Sheila L. Ashley
(414) 297-3214 ext. 8014
January 14, 2010
HUD SECRETARY DONOVAN ANNOUNCES $25 MILLION IN RECOVERY ACT GRANTS TO STABLIZE NEIGHBORHOODS, REBUILD ECONOMIES IN WISCONSIN
Neighborhood stabilization grants to Milwaukee communities hard hit by the housing crisis
MILWAUKEE - U.S. Housing and Urban Development Secretary Shaun Donovan today announced that HUD is awarding $25 Million in Recovery Act funding to Milwaukee under HUD's Neighborhood Stabilization Program (NSP). The NSP grants announced today are part of $2 billion awarded nationwide to local communities and nonprofit housing developers to combat the effects of vacant and abandoned homes while creating jobs.
Funded through the American Recovery and Reinvestment Act of 2009, this round of NSP grants is being awarded competitively to applicants who developed the most innovative ideas to address the impact the housing crisis has
had on local communities, while demonstrating that they have the capacity to be responsible stewards of taxpayer dollars.
"Vacant homes have a debilitating effect on neighborhoods and often lead to reduced property values, blight, and neighborhood decay," said Donovan. "This additional $2 billion in Recovery Act funding will help stabilize hard hit communities by turning vacant homes from eyesores into community assets. The Neighborhood Stabilization program
is a key part of the Obama Administration's comprehensive approach to address the national housing and economic crisis."
The City of Milwaukee will use the NSP2 funds in targeted areas across the City in 91 census tracts. The City will use NSP2 funds to work in collaboration with actions already being carried out by the City and its partners to provide homebuyer assistance, rental rehabilitation assistance, leveraged loan funds, and redevelopment assistance for 590 foreclosed homes, acquisition and rehabilitation of 46 foreclosed homes, demolition of 125 vacant properties, redevelopment of 180 vacant or demolished properties, and land banking of 100 units. The city will make these redeveloped and rehabilitated homes available to households whose income is at or below 120 percent of the average median income for that area, with 25 percent of the funds benefiting households at or below 50 percent of area median income.
The City of Milwaukee's NSP2 program is highlighted by broad public engagement of the Milwaukee Foreclosure Partnership Initiative (MFPI) to support the City's overall goal of neighborhood stabilization. MFPI is a public-private partnership made up of over 100 representatives of lenders, foundations, real estate professionals, government representatives, community stakeholders, and even local television stations.
MFPI programs include a foreclosure mediation program, increased intervention counseling, expanded homebuyer education efforts, a targeted neighborhood marketing campaign around foreclosed properties, and a code
enforcement "strike force" which will aggressively ensure code compliance. The neighborhoods targeted for NSP2 funded activities will be implemented alongside several separately-funded initiatives developed by the MFPI to strengthen the City's ability to achieve its neighborhood stabilization goals.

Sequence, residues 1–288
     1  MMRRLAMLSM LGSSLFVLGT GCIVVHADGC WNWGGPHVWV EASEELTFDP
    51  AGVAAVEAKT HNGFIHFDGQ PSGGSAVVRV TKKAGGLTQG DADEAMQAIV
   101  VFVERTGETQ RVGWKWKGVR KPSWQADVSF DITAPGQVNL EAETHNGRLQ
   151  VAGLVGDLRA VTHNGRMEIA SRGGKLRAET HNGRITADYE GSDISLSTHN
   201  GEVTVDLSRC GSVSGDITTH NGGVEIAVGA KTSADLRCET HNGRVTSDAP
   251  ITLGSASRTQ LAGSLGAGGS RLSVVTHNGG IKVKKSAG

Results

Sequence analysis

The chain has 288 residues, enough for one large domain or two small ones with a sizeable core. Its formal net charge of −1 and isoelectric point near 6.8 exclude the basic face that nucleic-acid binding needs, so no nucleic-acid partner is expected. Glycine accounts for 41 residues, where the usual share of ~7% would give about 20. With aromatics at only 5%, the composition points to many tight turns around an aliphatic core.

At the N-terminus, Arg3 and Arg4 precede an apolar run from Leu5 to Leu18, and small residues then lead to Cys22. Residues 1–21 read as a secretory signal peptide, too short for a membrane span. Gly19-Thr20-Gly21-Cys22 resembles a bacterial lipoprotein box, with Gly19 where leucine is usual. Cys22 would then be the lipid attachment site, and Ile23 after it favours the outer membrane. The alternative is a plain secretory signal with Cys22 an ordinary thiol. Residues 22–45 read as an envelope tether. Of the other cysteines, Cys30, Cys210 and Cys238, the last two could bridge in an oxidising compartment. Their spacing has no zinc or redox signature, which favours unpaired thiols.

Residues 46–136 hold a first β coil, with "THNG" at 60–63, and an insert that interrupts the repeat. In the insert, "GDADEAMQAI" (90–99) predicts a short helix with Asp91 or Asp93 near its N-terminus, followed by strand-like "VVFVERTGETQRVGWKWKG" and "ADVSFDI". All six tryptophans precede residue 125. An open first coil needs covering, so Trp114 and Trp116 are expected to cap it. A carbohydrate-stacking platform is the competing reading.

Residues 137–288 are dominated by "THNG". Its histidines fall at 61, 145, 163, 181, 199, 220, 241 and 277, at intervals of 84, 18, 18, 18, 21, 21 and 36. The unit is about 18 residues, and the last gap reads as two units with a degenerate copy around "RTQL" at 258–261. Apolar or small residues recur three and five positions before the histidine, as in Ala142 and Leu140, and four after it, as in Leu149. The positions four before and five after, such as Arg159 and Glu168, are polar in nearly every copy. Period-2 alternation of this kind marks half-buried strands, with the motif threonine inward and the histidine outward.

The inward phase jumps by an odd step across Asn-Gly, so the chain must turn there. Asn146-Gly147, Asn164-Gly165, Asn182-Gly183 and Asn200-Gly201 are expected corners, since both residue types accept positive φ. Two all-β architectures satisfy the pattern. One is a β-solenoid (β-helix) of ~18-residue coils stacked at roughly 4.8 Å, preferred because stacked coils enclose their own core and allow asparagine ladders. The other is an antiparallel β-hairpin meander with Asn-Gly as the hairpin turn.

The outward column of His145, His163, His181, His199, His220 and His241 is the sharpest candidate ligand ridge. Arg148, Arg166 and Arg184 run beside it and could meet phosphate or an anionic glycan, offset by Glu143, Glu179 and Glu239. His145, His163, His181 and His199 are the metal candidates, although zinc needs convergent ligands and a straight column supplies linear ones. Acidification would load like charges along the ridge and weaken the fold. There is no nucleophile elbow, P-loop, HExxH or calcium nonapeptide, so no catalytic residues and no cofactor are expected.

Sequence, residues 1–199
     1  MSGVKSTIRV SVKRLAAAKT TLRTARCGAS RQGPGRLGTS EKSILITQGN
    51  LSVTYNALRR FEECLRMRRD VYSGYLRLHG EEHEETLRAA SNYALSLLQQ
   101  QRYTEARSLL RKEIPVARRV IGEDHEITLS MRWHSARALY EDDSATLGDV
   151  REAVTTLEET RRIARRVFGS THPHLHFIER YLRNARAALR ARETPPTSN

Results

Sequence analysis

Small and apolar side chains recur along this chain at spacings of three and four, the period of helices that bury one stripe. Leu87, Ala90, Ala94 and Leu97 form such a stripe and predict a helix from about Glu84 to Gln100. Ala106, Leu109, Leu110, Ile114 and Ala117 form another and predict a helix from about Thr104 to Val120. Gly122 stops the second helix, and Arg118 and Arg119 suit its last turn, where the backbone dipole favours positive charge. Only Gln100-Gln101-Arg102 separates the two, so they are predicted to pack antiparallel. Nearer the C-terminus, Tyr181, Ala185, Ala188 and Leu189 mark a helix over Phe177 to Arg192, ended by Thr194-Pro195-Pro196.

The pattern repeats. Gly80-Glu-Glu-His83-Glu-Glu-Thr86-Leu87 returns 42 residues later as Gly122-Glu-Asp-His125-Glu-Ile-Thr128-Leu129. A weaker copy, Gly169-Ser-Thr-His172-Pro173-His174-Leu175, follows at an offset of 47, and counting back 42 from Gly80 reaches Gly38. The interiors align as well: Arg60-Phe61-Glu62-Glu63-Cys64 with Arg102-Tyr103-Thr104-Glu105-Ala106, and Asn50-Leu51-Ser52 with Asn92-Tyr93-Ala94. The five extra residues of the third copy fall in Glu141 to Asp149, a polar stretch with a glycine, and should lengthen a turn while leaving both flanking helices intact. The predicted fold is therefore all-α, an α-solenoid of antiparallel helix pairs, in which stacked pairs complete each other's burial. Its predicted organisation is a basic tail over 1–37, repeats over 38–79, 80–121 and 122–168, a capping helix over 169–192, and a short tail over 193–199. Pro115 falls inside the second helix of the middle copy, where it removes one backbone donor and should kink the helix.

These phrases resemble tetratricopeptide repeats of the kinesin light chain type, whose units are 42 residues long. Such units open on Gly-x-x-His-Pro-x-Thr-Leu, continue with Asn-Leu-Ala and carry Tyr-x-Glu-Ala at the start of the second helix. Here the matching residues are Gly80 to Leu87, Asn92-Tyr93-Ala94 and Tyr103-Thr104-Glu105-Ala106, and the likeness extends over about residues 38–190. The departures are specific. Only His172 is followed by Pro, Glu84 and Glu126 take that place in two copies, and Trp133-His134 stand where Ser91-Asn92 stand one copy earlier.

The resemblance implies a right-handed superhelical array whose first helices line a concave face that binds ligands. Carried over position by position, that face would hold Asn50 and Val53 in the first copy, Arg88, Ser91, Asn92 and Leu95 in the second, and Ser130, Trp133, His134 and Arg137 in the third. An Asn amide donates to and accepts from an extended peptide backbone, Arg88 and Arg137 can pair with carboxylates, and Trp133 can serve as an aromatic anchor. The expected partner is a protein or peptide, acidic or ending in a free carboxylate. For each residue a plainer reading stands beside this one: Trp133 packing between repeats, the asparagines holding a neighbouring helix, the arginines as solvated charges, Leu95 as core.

The Neighborhood Stabilization Program was created to confront the effects of the housing crisis, create jobs, and grow local economies by providing communities with the resources to purchase and rehabilitate vacant homes and convert them to affordable housing. Last year, HUD awarded nearly $4 billion in NSP formula funds to over 300 grantees nationwide to help state and local governments respond to the housing crisis and falling home values.
On August 26, 2009, HUD also awarded $50 million in technical assistance grants to help grantees more effectively manage the inventory of abandoned homes they purchase undertheNeighborhood Stabilization Program. HUD's NSP technical assistance grants are helping NSP recipients to implement sound underwriting, management, and fiscal controls; measure outcomes in the use of public funds; build the capacity of public-private partnerships; develop strategies to serve low-income households; incorporate energy efficiency into NSP programs; provide support and training on the operation of ‘land banks'; and train NSP recipients on HUD program rules and financial management requirements.
The additional $2 billion in NSP grants being awarded today will build on the work being done now to help state and local governments and non-profit developers collaborate to acquire land and property; to demolish or rehabilitate abandoned properties; and/or to offer downpayment and closing cost assistance to low- to middle-income homebuyers. Grantees can also create "land banks" to assemble, temporarily manage, and dispose of foreclosed homes.
The Neighborhood Stabilization Program will also help to prevent future foreclosures by requiring housing counseling
for families receiving homebuyer assistance funds through NSP. In addition, it will protect homebuyers by requiring grantees to ensure that new homebuyers under this program obtain a mortgage from a lender who agrees to comply with sound lending practices.
Secretary Donovan and HUD are committed to providing the highest level of transparency possible as Recovery Act funds are spent quickly and efficiently. It is crucial that the American people are fully aware of how their tax dollars are being spent and can hold their federal leaders accountable. Every dollar of Recovery Act funds HUD spends can
be reviewed and tracked at HUD's Recovery Act website. The full text of HUD's funding notices and tracking future performance of these grants is also available at HUD's Recovery Act website.